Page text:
​​Ancient metal workers were not slaves but highly regarded craftsmen





In 1934, American archaeologist Nelson Glueck named one of the largest known copper production sites of the Levant "Slaves' Hill." This hilltop station, located deep in Israel's Arava Valley, seemed to bear all the marks of an Iron Age slave camp -- fiery furnaces, harsh desert conditions, and a massive barrier preventing escape. New evidence uncovered by Tel Aviv University archaeologists, however, overturns this entire narrative.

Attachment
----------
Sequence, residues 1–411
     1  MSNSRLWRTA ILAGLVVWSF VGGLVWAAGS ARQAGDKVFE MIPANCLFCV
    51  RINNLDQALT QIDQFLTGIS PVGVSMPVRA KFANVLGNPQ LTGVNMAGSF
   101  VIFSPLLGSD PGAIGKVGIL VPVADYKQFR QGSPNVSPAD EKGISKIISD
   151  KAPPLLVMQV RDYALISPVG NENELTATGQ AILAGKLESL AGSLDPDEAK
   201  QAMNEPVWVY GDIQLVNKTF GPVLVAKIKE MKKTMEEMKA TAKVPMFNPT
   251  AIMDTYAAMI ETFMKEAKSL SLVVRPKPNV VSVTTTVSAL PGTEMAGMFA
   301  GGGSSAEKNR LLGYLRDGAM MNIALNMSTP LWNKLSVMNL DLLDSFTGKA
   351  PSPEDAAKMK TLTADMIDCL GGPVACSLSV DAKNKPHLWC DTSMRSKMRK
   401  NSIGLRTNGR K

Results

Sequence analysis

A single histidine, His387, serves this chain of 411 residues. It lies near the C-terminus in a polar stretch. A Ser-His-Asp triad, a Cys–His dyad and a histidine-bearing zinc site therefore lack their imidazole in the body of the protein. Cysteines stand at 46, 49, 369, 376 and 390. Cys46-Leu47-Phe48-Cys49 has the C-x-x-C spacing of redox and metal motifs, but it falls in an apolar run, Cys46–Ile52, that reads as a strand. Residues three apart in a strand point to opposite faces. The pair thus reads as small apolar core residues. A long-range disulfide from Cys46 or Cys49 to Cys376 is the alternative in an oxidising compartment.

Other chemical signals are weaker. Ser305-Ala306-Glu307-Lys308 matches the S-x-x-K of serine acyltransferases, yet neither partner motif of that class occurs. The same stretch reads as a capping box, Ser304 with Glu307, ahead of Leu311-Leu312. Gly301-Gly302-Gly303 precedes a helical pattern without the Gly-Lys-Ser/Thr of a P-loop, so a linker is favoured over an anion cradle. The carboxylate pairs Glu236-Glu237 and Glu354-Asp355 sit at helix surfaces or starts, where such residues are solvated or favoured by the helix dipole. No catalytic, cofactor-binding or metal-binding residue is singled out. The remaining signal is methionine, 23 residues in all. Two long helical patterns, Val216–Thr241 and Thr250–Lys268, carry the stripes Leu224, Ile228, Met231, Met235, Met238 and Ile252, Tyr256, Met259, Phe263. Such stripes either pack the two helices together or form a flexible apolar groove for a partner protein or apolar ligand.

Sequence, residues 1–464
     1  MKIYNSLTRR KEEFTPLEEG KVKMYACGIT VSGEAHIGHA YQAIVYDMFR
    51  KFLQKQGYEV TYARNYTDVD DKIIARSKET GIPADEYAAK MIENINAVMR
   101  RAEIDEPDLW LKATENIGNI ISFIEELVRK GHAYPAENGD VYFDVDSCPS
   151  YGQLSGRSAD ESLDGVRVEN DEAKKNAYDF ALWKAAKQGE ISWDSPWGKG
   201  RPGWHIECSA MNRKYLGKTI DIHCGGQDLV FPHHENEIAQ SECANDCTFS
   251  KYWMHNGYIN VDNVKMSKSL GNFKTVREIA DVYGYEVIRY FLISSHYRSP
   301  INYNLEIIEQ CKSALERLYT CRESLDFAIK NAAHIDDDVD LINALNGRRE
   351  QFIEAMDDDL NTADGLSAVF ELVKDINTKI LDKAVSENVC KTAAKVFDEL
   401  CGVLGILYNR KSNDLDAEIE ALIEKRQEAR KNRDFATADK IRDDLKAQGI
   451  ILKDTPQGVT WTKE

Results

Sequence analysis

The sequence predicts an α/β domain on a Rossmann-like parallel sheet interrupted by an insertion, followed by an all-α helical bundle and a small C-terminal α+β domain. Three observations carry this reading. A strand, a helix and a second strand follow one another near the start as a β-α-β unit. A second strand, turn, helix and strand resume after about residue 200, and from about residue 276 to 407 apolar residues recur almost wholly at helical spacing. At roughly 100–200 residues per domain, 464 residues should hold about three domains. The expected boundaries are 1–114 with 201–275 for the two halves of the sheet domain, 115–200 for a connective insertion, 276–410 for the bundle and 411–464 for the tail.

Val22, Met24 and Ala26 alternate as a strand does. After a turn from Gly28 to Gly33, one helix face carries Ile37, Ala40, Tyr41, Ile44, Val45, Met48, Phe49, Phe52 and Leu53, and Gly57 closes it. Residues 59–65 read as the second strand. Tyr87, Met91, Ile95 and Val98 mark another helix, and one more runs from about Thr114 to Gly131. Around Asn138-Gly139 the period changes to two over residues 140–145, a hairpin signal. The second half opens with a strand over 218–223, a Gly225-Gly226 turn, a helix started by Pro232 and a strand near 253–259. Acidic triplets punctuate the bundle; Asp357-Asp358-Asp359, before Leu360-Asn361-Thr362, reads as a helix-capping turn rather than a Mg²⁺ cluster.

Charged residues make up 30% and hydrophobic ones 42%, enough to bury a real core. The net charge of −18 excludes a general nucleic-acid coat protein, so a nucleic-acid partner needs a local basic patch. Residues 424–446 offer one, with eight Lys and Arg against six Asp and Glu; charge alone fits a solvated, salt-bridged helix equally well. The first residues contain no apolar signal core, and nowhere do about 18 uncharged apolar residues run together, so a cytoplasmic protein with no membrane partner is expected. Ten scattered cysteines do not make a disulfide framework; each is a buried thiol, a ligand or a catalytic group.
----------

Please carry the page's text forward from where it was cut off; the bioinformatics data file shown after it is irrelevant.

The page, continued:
In the course of ongoing excavations at Timna Valley, Dr. Erez Ben-Yosef and Dr. Lidar Sapir-Hen of TAU's Department of Archaeology and Near Eastern Cultures analyzed remnants of food eaten by copper smelters 3,000 years ago. The result of this analysis, published in the journal Antiquity, indicates that the laborers operating the furnaces were in fact skilled craftsmen who enjoyed high social status and adulation. They believe their discovery may have ramifications for similar sites across the region.

"What we found represents a general trend or reality related to metal workers in antiquity," said Dr. Ben-Yosef. "They had a very unique role in society, and we can demonstrate this by looking at Timna."





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